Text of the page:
I know, I know some of us just want to pull the trigger. Myself included. We are the people who are the opposite of people who can't make a decision- especially when feeling stressed, busy, or simply over it. Those photos on The Knot look good, response sounds reasonable, price ok....now done! Admittedly I've actually make a few quite good decisions that way, but also admittedly there have been times when I've wished I've done a bit more research. Take a moment (preferably before blanketing wedding vendor sites with information request emails when you don't have much of a grasp on the style of the photographer's photos or price point of the photographer) and have a look. Go to the website. Look in their client and gallery sections see if you like the way they capture the big events- the kiss, the entrance, the cake cutting as well as the detail and candid moments. Look through several events and see if you are happy with color/tone of the photos and the style of capture. Remember looking now, might save you (and your photographer) some surprises later down the road after the gallery is delivered.
So the wedding budget has been planned and you know how much you want to spend, how many hours you will need, where your venue is at, and you've looked through a few galleries of wedding photographers (snap!). Now it is time to start narrowing down photographers based on your budget. But would should my budget be? Well, just like anything in life, it is what you prioritize. If food or your venue is more important, than make sure that is where your money goes. If you can have everything you want and have the best photos and photographer evveer- definitely do that, too- if that is what your heart desires. However, if you are a photo person, you want to make sure one of the larger percentages of your budget goes towards your photographer and wedding gallery. You know the old adage, you get what you pay for, and this is true-the same goes with photographers.
Photography on the cheaper end of the spectrum tends to not be as high quality. I'm not saying that you personally aren't going to find that perfect photographer who just doing his/her/their job for the love of photography without having to live without overhead and cost of living expenses, but it might be difficult to find that person.
So after you decided if photos are or are not a priority for you and the significant other, and you and the SO chose that photography was a priority- so its now to it's time to figure out how much of your budget you're going give towards your photography.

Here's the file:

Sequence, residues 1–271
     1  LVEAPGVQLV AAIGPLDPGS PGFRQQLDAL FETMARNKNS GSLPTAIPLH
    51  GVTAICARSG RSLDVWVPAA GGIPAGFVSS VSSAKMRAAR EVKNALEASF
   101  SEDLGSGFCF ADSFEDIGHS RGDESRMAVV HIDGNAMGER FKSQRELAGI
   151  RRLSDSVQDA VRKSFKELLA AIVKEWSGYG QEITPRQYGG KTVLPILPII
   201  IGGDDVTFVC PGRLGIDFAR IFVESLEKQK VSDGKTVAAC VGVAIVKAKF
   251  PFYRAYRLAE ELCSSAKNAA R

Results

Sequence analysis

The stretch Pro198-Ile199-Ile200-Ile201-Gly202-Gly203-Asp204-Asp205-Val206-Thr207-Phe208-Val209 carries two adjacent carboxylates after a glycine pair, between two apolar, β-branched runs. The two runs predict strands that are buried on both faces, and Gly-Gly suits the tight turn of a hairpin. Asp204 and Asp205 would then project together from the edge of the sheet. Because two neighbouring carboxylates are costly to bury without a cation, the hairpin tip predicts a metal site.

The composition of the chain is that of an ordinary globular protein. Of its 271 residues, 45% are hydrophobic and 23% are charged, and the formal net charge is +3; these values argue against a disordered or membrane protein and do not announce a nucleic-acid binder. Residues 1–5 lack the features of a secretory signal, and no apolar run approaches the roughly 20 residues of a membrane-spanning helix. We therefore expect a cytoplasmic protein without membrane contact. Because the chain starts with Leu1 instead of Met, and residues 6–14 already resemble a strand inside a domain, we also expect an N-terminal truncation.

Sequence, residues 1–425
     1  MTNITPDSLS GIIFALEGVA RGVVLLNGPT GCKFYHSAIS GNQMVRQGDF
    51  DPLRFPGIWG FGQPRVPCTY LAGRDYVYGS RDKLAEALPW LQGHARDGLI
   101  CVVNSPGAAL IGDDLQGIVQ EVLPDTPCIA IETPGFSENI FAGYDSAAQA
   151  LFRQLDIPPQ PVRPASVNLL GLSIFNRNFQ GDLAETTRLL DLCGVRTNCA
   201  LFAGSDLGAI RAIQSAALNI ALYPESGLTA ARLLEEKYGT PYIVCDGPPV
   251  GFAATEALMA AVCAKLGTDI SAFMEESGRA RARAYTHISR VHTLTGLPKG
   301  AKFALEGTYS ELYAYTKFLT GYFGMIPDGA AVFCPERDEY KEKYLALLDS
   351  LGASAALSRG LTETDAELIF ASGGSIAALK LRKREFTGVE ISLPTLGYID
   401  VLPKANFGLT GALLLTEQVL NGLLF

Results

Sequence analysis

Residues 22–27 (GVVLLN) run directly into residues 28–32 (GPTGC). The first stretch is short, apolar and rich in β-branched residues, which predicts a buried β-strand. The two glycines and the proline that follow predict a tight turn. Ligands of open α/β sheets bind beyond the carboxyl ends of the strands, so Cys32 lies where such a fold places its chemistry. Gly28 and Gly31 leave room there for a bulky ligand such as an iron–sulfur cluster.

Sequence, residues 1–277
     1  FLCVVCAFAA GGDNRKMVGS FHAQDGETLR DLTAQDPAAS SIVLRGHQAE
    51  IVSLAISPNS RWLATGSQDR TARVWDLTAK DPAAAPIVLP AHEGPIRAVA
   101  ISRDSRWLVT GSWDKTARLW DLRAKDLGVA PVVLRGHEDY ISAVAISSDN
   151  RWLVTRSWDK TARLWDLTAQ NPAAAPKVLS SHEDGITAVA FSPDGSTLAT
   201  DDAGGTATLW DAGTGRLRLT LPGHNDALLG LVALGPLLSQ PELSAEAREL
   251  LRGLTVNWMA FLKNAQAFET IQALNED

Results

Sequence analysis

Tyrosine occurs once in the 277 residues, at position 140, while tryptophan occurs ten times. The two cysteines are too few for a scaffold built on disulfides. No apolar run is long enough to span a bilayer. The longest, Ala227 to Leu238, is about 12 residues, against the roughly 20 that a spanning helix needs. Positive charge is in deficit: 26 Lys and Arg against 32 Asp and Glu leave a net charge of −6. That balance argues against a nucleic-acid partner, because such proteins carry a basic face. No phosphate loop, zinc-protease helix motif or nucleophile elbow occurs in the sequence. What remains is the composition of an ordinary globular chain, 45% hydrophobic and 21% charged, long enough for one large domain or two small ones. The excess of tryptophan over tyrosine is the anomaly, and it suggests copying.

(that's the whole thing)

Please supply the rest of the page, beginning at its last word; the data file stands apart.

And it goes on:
I don't want know your budget. I'm not here to talk about percentages of budgets that should be portioned off for each wedding-need entity. However I am here to say, if having amazing photos that can be used as heirlooms and not appear dated as time passes, is a priority than your budget should reflect it. Don't expect to be paying in the lower tier of photography prices (or expect you photographer to drastically lower than prices to meet your budget) for this quality. Again, go back to portfolios- do you like that person's style of photos in general? Do you like what is captured and the editing? You are generally find with higher-end photographers, a definite step-up not only in the way a moment is captured but also the in the editing and consistency of the photos. As previously mentioned, if your celebration is going to move into the later hours or be indoors, you will need someone with experience with how to use a flash in order to get adequately lit and lovely photos. So in short, don't short your budget (or your photographer) and expect to get premium quality photos.
As you begin reviewing photographers and looking at their pricing and packages, you might start noticing terms such a engagement, bridal, or boudoir sessions. If you aren't aware of what these are, let's review since these options are almost always an additional session with your true love or part of a package that your photographer would offer.